How we change what others think, feel, believe and do
Kolb's learning styles
David Kolb has defined one of the most commonly used models of learning. As in the diagram below, it is based on two preference dimensions, giving four different styles of learning.
In the vertical Perception dimension, people will have a preference along the continuum between:
People who prefer concrete experience will argue that thinking about something changes it, and that direct empirical data is essential. Those who prefer abstraction will argue that meaning is created only after internal processing and that idealism is a more real approach.
In the horizontal Processing dimension, people will take the results of their Perception and process it in preferred ways along the continuum between:
The experimenter, like the concrete experiencer, takes a hands-on route to see if their ideas will work, whilst the reflective observers prefer to watch and think to work things out.
Divergers (Concrete experiencer/Reflective observer)
Divergers take experiences and think deeply about them, thus diverging from a single experience to multiple possibilities in terms of what this might mean. They like to ask 'why', and will start from detail to constructively work up to the big picture.
They enjoy participating and working with others but they like a calm ship and fret over conflicts. They are generally influenced by other people and like to receive constructive feedback.
They like to learn via logical instruction or hands-one exploration with conversations that lead to discovery.
Convergers (Abstract conceptualization/Active experimenter)
Convergers think about things and then try out their ideas to see if they work in practice. They like to ask 'how' about a situation, understanding how things work in practice. They like facts and will seek to make things efficient by making small and careful changes.
They prefer to work by themselves, thinking carefully and acting independently. They learn through interaction and computer-based learning is more effective with them than other methods.
Accomodators (Concrete experiencer/Active experimenter)
Accommodators have the most hands-on approach, with a strong preference for doing rather than thinking. They like to ask 'what if?' and 'why not?' to support their action-first approach. They do not like routine and will take creative risks to see what happens.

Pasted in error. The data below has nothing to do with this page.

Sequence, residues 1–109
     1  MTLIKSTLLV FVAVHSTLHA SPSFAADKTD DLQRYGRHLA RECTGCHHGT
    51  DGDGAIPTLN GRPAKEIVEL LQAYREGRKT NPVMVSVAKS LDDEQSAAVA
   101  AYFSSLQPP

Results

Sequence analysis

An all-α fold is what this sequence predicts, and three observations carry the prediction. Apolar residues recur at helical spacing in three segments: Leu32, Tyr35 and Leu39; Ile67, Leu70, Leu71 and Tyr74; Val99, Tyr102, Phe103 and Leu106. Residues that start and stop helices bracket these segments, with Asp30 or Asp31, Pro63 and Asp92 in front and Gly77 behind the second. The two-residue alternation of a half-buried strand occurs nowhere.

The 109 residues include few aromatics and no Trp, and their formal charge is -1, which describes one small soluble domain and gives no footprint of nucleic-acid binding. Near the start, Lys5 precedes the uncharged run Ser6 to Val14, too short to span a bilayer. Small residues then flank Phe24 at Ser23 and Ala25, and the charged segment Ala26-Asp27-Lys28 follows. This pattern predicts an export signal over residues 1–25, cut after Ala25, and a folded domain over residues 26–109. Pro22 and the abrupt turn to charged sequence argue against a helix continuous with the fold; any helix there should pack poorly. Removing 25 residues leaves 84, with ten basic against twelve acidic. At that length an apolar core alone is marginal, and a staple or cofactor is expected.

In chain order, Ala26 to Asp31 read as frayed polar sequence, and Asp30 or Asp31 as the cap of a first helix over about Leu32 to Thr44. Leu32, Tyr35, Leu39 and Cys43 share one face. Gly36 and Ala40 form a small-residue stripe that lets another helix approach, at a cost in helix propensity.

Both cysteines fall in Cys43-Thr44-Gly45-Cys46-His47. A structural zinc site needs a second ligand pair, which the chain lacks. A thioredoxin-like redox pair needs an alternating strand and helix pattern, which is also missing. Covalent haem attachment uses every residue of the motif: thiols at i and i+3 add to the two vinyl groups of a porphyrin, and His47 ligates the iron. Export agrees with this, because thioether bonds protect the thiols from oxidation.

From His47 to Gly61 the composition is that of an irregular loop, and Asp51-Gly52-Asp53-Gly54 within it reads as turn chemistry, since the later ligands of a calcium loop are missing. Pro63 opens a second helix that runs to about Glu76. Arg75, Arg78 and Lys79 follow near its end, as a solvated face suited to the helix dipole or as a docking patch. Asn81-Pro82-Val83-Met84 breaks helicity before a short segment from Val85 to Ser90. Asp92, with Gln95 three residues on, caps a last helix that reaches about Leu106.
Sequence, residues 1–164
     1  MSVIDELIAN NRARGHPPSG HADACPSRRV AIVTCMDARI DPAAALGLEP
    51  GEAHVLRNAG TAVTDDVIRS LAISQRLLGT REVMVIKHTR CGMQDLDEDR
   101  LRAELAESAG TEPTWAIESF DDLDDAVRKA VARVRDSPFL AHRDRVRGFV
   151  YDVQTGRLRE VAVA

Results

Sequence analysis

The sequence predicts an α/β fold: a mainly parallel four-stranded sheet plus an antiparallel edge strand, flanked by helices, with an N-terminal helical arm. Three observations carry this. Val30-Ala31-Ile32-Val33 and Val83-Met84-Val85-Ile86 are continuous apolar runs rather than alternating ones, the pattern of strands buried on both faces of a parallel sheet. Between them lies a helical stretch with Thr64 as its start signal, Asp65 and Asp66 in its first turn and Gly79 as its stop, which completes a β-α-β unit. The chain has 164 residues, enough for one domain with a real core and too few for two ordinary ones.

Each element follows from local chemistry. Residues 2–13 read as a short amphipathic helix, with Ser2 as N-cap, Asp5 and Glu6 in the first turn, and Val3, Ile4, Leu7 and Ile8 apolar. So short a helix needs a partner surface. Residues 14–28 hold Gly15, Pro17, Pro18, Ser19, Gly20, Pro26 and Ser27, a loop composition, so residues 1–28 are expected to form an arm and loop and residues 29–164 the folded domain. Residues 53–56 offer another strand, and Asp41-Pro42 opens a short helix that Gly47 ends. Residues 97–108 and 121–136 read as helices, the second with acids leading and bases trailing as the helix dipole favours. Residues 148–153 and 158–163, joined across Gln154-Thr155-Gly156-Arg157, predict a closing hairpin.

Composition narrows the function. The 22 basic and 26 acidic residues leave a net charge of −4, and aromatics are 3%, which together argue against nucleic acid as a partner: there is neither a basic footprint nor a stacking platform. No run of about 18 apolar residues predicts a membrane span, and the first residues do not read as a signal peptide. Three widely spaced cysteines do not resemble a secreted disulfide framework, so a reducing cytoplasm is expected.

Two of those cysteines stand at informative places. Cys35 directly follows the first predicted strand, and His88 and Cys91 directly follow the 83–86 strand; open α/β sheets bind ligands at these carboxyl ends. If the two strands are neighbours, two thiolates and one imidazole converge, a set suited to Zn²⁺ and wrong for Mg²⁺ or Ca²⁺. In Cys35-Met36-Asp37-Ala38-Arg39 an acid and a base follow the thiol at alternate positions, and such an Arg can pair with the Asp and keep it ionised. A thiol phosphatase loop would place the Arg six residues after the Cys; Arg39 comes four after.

They like to explore complexity by direct interaction and learn better by themselves than with other people. As might be expected, they like hands-on and practical learning rather than lectures.
Assimilators (Abstract conceptualizer/Reflective observer)
Assimilators have the most cognitive approach, preferring to think than to act. The ask 'What is there I can know?' and like organized and structured understanding.
They prefer lectures for learning, with demonstrations where possible, and will respect the knowledge of experts. They will also learn through conversation that takes a logical and thoughtful approach.
They often have a strong control need and prefer the clean and simple predictability of internal models to external messiness.
The best way to teach an assimilator is with lectures that start from high-level concepts and work down to the detail. Give them reading material, especially academic stuff and they'll gobble it down. Do not teach through play with them as they like to stay serious.
So design learning for the people you are working with. If you cannot customize the design for specific people, use varied styles of delivery to help everyone learn. It can also be useful to describe this model to people, both to help them understand how they learn and also so they can appreciate that some of your delivery will for others more than them (and vice versa).
Kolb, D.A. (1984). Experiential Learning. Englewood Cliffs, NJ: Prentice-Hall
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